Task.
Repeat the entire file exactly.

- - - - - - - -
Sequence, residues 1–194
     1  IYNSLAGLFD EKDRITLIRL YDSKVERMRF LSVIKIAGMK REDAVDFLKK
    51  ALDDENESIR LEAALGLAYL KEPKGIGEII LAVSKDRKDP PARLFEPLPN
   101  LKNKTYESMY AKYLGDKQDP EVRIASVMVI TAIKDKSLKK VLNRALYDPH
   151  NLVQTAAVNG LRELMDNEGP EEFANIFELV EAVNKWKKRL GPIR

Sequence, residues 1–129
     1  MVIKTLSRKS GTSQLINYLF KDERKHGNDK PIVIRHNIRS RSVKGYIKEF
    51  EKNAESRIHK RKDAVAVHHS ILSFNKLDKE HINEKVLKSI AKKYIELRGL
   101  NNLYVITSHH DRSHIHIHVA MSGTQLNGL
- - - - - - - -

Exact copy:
Sequence, residues 1–194
     1  IYNSLAGLFD EKDRITLIRL YDSKVERMRF LSVIKIAGMK REDAVDFLKK
    51  ALDDENESIR LEAALGLAYL KEPKGIGEII LAVSKDRKDP PARLFEPLPN
   101  LKNKTYESMY AKYLGDKQDP EVRIASVMVI TAIKDKSLKK VLNRALYDPH
   151  NLVQTAAVNG LRELMDNEGP EEFANIFELV EAVNKWKKRL GPIR

Sequence, residues 1–129
     1  MVIKTLSRKS GTSQLINYLF KDERKHGNDK PIVIRHNIRS RSVKGYIKEF
    51  EKNAESRIHK RKDAVAVHHS ILSFNKLDKE HINEKVLKSI AKKYIELRGL
   101  NNLYVITSHH DRSHIHIHVA MSGTQLNGL